We’d really appreciate it if you would do us the favor of helping us continue to publish this RV / Travel / Workamping blog. Do you purchase any products from Amazon? If you do, it would be great if you’d use the link in the sidebar or one of the links below to get to Amazon … after that you can change your search. By making your Amazon purchases from our site, we will receive from Amazon a small percentage of your purchase and it doesn’t cost you any more. We’d really appreciate your help. Thank you, Herb & Kathy

HerBirding – (and Kathy too!)

Kathy and I, along with Barb (our neighbor) took a drive up toward Cornville this morning to go “birding”.  I’ve never been a bird watcher, but I got to thinking “Hey, I’m retired now – I’ve got every right to take some time to go birding” …. besides – this is something that Kathy wanted to do, so off we went.

There were about 15 folks that met at the Page Springs Bubbling Pond which is where the Arizona Game & Fish drop millions of eggs to start the production of trout.

We were led in the 2-3 mile walk through the lower wetlands area of Oak Creek where the spring water flows from Oak Creek Canyon, down through the bubbling ponds and hatchery (at a constant 68 degrees) and then back into Oak Creek, eventually making it’s way to the Verde River.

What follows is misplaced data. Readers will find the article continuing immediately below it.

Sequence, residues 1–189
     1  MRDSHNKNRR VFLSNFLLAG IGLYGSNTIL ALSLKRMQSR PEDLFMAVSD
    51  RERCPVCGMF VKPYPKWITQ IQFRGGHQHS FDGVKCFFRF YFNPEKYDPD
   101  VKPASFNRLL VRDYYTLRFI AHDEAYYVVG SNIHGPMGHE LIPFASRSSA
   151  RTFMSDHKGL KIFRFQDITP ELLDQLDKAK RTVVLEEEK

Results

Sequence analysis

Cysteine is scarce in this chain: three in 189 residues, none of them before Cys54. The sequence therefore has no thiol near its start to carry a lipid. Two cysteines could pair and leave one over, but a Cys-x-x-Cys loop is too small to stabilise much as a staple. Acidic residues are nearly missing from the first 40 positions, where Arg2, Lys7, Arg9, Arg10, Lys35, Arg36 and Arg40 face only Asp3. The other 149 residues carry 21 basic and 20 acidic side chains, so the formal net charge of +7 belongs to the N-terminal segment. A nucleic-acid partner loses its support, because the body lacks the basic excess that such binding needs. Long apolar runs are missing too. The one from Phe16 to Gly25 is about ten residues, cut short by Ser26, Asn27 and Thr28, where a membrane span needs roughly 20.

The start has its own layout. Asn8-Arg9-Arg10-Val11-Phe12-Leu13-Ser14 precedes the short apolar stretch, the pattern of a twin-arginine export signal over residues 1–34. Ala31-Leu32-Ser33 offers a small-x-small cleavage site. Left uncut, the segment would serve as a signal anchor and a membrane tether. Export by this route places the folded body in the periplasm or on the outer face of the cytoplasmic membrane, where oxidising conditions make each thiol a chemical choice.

About 200 species of birds have been found in this area over the 15 years that Arizona Audubon has been conducting these bird-watching excursions.  Kevin helped us to find 36 different species on this day including; Heron, American Bald Eagle, Killdeer, Snipe, Cardinal, Robin, Says Phoebe, Egret, Ruby-crowned Kinglet, Warbler, and too many others for me to remember or list.

This slide show below is a few pix of the birds we saw, but my 200 mm telephoto lens didn’t do nearly as good a job and seeing the birds as the Vortex binoculars that our leader let Kathy borrow for the walk.

There’s also 3 pix of the restaurant (G’s Burgers) where we had lunch on the edge of Cornville.

After you’ve seen the slide show, check out the video of the hatchery further down the page.  Feel free to leave any comments at the bottom of the page.

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We’d really appreciate it if you would do us the favor of helping us continue to publish this RV / Travel / Workamping blog. Do you purchase any products from Amazon? If you do, it would be great if you’d use the link in the sidebar or one of the links below to get to Amazon … after that you can change your search. By making your Amazon purchases from our site, we will receive from Amazon a small percentage of your purchase and it doesn’t cost you any more. We’d really appreciate your help. Thank you, Herb & Kathy